Let’s take a close look at how many deadbeats there are in the United States living off welfare

October 13, 2014

If you live in China and you think the streets in America are paved in gold, take a close look at how many deadbeats there are in the United States living off welfare, and you might be surprised who the real welfare queens are.

First, a few numbers to get started: there are more than 316 million Americans and 150.8 million are between the ages of 18 to 65—the primary working years for adults. In 2013, 47.1 million Americans lived below the poverty level; 73.6 million were under the age of 18, and 44.6 million were age 65 or older.

Wow, and in September 2014, there were 146.6 million Americans who were working at paid jobs.

But, a few, far-right billionaire oligarchs—for instance, the Walton family and the Koch brothers, and the fools who swallow their propaganda—think that more people in the United States are on welfare and are deadbeats than those who are working and supporting them.

I think it is arguable and safe to say that it would be a misleading lie that the majority of the Americans who are not working are deadbeats on welfare. Only a fool could think that. Is it possible that there are only 4.2 million Americans—who could be deadbeats—between 18 and 65 who do not have a paying job—that’s only 1.328% of the total population? I bet most of those 4.2 million are probably disabled and can’t work or are a stay at home parent.

Did you know ABC reported that Americans work more than anyone in the industrialized world—more than the English, the French, the Germans or Norwegians and even, recently, more than the Japanese?

In addition, according to the OECD, in the United States 67% [that is almost 70%] of people aged 15 to 64 [the working class years] have a paid job. … And having a good education is an important requisite for finding a job. In the United States, 89% of adults aged 25-64 have earned the equivalent of a high-school degree, higher than the OECD average of 75%—and yet some billionaires, including Bill Gates [worth almost $80 billion], the Koch brothers and the Walton family, would have you believe that the public education system in the United States is failing and must be reformed.

20 Something Finance even says “The U.S. is the Most Overworked Developed Nation in the World.” And Business Insider says the average person spends 90,000 hours at work over their lifetime—based on a 5 day 8 hour workweek with a two week vacation annually, that equals 45 years. I worked 45 years, starting at 15 and I retired at 60.  My retirement check comes from CalSTRS, and I paid 8% of my gross income into CalSTRS for the 30 years I was a classroom teacher.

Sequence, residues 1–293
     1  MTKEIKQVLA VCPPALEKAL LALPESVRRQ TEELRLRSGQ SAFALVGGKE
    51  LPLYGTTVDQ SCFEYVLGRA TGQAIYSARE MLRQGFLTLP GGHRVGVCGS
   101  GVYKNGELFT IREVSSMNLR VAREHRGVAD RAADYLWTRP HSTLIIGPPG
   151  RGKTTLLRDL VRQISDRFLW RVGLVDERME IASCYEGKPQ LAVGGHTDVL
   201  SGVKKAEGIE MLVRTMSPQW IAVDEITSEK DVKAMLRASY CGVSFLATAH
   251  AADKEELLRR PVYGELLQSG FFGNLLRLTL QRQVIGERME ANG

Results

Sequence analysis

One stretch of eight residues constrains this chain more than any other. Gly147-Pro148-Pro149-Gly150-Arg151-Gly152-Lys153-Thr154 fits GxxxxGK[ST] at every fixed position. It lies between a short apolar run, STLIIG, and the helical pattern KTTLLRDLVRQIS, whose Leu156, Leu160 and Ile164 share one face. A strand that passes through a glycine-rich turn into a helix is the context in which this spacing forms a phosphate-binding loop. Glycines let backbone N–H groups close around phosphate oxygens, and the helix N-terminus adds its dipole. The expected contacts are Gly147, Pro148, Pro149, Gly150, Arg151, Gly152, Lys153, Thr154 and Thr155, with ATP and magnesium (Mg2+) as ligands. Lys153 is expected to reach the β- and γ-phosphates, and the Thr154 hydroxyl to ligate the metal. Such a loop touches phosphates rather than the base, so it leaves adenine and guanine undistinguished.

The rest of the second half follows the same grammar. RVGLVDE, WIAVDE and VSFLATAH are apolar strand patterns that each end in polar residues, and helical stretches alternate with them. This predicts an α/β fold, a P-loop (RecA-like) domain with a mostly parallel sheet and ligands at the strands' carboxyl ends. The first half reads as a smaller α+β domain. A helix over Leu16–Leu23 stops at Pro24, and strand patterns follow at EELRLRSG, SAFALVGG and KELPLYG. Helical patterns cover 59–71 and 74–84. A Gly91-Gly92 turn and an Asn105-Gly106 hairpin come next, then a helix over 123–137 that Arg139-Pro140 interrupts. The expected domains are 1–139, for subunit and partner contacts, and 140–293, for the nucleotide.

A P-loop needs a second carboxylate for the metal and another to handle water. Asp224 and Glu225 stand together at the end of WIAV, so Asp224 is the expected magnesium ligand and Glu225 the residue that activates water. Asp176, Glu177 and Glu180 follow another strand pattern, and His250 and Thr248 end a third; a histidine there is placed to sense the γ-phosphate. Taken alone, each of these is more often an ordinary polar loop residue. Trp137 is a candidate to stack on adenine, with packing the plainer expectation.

But a Houston based billionaire, according to the Democratic Underground, is attacking public pensions with a goal to kill the guaranteed-benefit plans that are run by teacher retirement systems in every state. This billionaire’s name is John Arnold, who is worth $2.9 billion dollars. Arnold runs a Houston-based hedge fund, and before that he worked for Enron, and it is said that he earned $750 million for Enron the year it went out of business. Huh, how do you earn $750 million for a company that goes out of business the same year?

Contrary to the popular thinking of fools, Social Security is not a form of welfare because workers and employers pay into that program for their entire working life, and in 2013, there were 38 million retired workers—nine out of ten individuals age 65 or older—who collected an average monthly benefit of $1,294. There were 4.9 million dependents; 8.8 million disabled workers, who were paid an average of $1,145 a month, and 6.2 million survivors—survivors are young children and a surviving spouse who cares for the children.

What about food stamps—a real welfare program?

From Media Matters.org we learn that nearly half (47% or 23 million), who get food stamps, were under the age of 18, and another 8 percent (3.9 million) were 60 or older; 41% (more than 20 million) lived in a household with earnings from a job. These workers are known as the “working poor”, and the average household on food stamps received a monthly benefit of $287.

And, these so-called deadbeats—that a few billionaires and a lot of fools think outnumber working Americans—are allegedly robbing us blind while they sit around drinking beer, eating popcorn and watching TV or having sex 18-hours a day to make more babies so they can collect more food stamps. If you believe that, then you might want to look in a mirror to see a fool.

If these billionaires succeed, what will replace progressive era plans like CalSTRS, Social Security, Medicare, unemployment and food stamps?

If we look back at history, we might discover the answer to that question. In 1900, before Presidents Theodore Roosevelt, Taft, Wilson, FDR, Kennedy and LBJ, ushered in the progressive era, 40-percent of Americans lived in poverty with only a 5% unemployment rate, and up until 1938, in some states, children could be sold as young as five to factories, coal mines and whorehouses. Imagine your five-year old child working as a prostitute, because boys and girls were sold into prostitution back then when the U.S. was ruled by capitalist Robber Barons.

Is this the America a few billionaires, with help from some fools, are fighting to get back?

By the way, did you watch the video that comes with this post? It really is an educational eye opener.